Participants were recruited from 15 internal medicine and family medicine practices in New Hampshire, Massachusetts, Rhode Island, and Vermont. Five sites were located in rural areas and 10 sites were in urban or suburban areas. Four of the sites were small, private practices, four were free-standing clinics with a university affiliation, and seven were large university teaching hospital–based clinics.
Recruitment for PCAP began in July 1997. For inclusion in the study, participants needed to be a minimum of 18 years of age, English speaking, and scheduled for a general medical appointment on the day of recruitment. Participants were excluded from the study if they were suffering from active psychosis, had no current address and phone number, or were pregnant.
Participants were recruited on the day of a visit to the medical practice. A research assistant approached eligible patients of the clinic in the practice waiting room, asking them if they were interested in participating in a study to gather information on different types of stress or nervousness that some people experience. Interested participants signed a statement indicating their voluntary informed consent to participate in the study prior to completion of any study measures. They then completed a screening form that assessed for the presence of key features of DSM-IV anxiety disorders. Patients screening positive were invited for a full diagnostic interview.
A 32-item self-report anxiety screener was developed for PCAP to assess the presence of essential features of DSM-IV anxiety disorders. The questions on the instrument were derived directly from DSM-IV diagnostic criteria. Sample items include “Have you ever had a sudden attack when you felt afraid or anxious and did not know why?” and “In the past month have you been anxious or worried more days than not, even when you tried not to worry?”
The anxiety screening form was designed to be highly sensitive to the presence of any anxiety disorder symptoms, so as to intentionally over sample potential participants and reduce the chances of false negatives. In a separate validation study of this measure, 64 primary care patients completed both the screening form and the Structured Clinical Interview for DSM-IV (SCID-IV).28 The interviewers administering the SCID-IV were blind to the results of the screening measure. Of 38 individuals who screened negative, none were positive for an anxiety disorder according to the SCID-IV; there were no false negatives. Twenty-six participants screened positive. Eight of these (31%) were true positives (SCID-IV positive for an anxiety disorder). Eighteen (69%) were false positives (screen-positive—SCID-negative). One participant who screened negative was excluded at the SCID for psychotic symptoms.
All clinical diagnoses were established by means of in-person diagnostic interviews that employed the SCID-IV,28 a frequently used and well-validated assessment instrument. In PCAP, the psychotic screen, mood, anxiety, substance use, and eating disorders modules of the SCID-IV were administered. Since the primary interest of PCAP was to recruit patients with anxiety disorders, the SCID-IV was reordered so that the anxiety disorders module was administered first, with participants completing a full battery only if they were diagnosed positive for an anxiety disorder.
All clinical interviewers had at least a bachelors degree in psychology and underwent a rigorous, multi-stage training program employed with excellent results in other large-scale research studies conducted through the Brown Psychiatry Department. Interviewers received an initial introduction to the SCID-IV by reading the instrument’s user’s manual29 and watching the New York State Psychiatric Institute videotape series on SCID administration.30 Next, interviewers participated in several role-played interviews with trained research staff functioning as patients to practice SCID-IV administration. All interviewers were next required to observe a minimum of three SCID-IV batteries conducted by trained interviewers, followed by performing a minimum of three SCID-IV interviews themselves under the supervision of SCID-trained clinical staff. Finally, all interviewers were required to conduct a SCID interview under observation by a doctoral level psychologist trained in administering the SCID-IV, before being certified to conduct SCID-IV interviews independently.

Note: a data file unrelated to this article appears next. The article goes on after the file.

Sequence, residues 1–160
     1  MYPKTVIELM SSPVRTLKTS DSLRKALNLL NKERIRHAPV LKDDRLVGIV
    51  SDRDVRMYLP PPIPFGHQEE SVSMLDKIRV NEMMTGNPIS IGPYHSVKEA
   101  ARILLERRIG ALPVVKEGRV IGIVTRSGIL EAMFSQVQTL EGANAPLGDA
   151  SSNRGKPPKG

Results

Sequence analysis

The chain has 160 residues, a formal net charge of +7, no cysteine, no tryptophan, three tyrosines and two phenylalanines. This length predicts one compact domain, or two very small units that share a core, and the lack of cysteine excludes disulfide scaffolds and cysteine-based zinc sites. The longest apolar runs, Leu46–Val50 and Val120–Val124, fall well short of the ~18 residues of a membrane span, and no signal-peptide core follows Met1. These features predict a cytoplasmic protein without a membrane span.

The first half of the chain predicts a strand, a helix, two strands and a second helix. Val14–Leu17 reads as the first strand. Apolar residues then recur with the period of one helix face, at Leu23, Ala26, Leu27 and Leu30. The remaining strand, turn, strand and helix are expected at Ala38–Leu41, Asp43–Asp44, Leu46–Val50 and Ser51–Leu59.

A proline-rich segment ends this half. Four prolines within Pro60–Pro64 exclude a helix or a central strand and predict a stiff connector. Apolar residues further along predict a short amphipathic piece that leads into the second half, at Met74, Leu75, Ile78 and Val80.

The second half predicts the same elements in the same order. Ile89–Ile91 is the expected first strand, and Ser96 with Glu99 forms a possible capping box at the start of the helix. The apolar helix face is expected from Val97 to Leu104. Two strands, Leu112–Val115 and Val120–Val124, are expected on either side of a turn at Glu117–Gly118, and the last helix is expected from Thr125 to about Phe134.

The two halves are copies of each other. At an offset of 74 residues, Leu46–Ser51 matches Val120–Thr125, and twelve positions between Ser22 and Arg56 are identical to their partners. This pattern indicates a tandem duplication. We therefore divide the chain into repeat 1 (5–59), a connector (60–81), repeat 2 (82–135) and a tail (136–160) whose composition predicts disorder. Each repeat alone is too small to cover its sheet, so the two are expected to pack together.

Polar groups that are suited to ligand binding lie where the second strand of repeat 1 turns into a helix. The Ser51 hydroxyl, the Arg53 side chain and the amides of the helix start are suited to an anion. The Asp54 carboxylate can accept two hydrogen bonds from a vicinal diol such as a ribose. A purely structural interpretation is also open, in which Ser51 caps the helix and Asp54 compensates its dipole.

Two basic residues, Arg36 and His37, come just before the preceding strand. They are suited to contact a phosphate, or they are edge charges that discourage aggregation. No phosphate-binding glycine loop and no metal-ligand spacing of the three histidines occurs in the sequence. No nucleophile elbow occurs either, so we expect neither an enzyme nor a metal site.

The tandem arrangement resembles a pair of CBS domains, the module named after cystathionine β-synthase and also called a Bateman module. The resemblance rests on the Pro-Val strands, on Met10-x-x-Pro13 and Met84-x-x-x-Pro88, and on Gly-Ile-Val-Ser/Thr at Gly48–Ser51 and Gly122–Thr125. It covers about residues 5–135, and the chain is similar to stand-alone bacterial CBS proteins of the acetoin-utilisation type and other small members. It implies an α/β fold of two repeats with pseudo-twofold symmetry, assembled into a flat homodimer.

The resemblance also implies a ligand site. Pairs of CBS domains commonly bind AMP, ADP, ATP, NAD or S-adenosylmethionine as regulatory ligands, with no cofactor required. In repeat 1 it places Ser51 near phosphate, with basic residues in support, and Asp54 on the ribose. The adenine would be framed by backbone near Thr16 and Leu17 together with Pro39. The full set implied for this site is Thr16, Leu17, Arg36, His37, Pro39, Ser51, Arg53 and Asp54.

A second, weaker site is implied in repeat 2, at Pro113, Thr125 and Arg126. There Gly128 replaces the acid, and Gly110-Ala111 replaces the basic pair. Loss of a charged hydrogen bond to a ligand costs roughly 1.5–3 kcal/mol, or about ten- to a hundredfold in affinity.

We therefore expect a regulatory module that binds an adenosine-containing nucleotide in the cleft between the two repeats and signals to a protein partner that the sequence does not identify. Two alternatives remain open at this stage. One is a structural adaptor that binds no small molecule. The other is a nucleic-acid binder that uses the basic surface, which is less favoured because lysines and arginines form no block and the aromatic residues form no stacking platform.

To ensure accuracy of diagnosis, SCID-IV interviews were routinely reviewed at PCAP staff meetings where issues regarding diagnosis were resolved through consultation with other interviewers, senior research assistants, and doctoral-level clinicians. In addition, a narrative report for each SCID-IV interview was composed. This report was reviewed and edited by senior research staff that included doctoral-level clinicians to resolve any remaining clinical questions. DSM-IV diagnostic rules were strictly adhered to throughout the assessment process, including hierarchical and exclusionary criteria regarding conditions or symptoms due to general medical conditions or psychoactive substances.
Replicating the methodology employed by Brown et al.,15 rates and patterns of diagnostic comorbidity were examined by calculating the percentage of PCAP participants having different pairings of co-occurring disorders. The relative risk of the disorders co-occurring was then calculated and the statistical significance of this risk was determined using a 95% confidence interval criterion derived from a chi-square analysis. All risks of specific disorder pairings were calculated using participants in the sample without the particular index anxiety disorder of interest as the comparison group. These analyses were conducted both for current and lifetime diagnoses. Analyses were conducting using SAS version 8.2 using PROC FREQ, and PROC MEANS (SAS Institute, Cary, NC).